Skydivers determined to sock it to sarcoma


Harry O’Neil, centre, with Damian Franzmann and mother Victoria. Picture: Jon Hewson        www.communitypix.com.au   d451473
Harry O’Neil, centre, with Damian Franzmann and mother Victoria. Picture: Jon Hewson        www.communitypix.com.au d451473

In what has become an annual test of mettle, Mrs O’Neill has organised a group of 16 people to take the plunge, this time to benefit Sock it to Sarcoma.

Bone cancer research and awareness is a cause close to the Melville resident’s heart after son Harry was diagnosed with the disease when he was just nine.

After a gruelling operation to remove a tumour in his shoulder five years ago, Harry remains free of the disease, but Mrs O’Neill remains as committed as ever.

“When Harry was sick, I wanted to do something to raise money, but I didn’t want to just sell chocolates because everybody does that,” she said.

“My niece from the UK suggested skydiving – I think Harry had been in hospital for three weeks at that stage and I thought it was a really cool idea.”

After fighting off second thoughts, Mrs O’Neill and a total of 33 others started the tradition five years ago.

“Harry was diagnosed in June and we jumped for the first time the following January,” she said.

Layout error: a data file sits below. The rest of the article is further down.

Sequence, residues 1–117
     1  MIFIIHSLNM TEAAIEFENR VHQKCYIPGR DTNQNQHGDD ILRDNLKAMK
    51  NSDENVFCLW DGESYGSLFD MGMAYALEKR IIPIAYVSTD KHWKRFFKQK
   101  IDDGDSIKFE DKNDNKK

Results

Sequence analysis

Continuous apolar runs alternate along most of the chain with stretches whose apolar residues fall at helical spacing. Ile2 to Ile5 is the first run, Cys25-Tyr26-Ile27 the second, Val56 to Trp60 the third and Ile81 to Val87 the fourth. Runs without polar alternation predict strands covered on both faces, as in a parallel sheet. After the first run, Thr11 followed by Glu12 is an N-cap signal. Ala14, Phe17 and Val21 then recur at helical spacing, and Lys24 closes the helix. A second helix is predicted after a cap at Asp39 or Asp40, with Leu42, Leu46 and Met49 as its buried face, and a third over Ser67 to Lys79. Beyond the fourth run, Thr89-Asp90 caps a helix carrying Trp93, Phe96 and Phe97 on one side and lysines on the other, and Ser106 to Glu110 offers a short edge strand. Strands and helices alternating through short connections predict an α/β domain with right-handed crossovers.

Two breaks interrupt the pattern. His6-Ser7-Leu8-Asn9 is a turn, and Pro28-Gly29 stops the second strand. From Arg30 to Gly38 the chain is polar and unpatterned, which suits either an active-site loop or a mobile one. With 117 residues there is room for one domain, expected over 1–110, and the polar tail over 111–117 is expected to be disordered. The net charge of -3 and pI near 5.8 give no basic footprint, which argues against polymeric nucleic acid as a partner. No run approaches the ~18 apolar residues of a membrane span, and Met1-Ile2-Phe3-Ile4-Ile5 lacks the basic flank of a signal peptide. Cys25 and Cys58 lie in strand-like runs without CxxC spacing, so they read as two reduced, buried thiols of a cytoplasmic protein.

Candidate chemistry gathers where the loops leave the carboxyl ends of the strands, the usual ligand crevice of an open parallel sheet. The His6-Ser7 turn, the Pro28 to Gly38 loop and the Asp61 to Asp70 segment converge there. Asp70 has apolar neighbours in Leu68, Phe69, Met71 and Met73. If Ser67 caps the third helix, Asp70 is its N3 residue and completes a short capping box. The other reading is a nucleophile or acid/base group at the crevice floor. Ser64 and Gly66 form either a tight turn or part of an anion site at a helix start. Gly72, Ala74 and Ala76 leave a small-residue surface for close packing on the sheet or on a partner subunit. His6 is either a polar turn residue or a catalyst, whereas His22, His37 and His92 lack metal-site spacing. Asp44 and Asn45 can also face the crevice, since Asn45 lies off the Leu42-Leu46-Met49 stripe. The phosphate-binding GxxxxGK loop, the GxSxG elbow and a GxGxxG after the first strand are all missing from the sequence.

“We literally came out of chemotherapy, went and did the jump and then took Harry straight back to chemo.

“The first jump was in benefit of Princess Margaret Hospital, but since then we’ve also supported Camp Quality and this is the second time we’re donating the money to Sock it to Sarcoma.

“Without research, Harry would not be alive today and we need to continue to raise money so that the statistics when diagnosed continue to improve and people have better odds of surviving.”

Joining Mrs O’Neill this year is fellow Melville resident Damian Franzmann, who is also well acquainted with bone cancer.

“My wife Francesca Nelson contracted sarcoma in October 2012 and she died the following August,” he said.

“Our mate Al Weir was at Francesca’s funeral and then six week later, he was also diagnosed with sarcoma.

“Luckily, Al is fully recovered and two years clear and he is actually doing the jump with us as well.

“Sarcoma usually affects children and young adults, but not always, and it can also be very aggressive.”

The 16 participants are hoping to raise $20,000 before their April 2 skydive.

To donate, visit here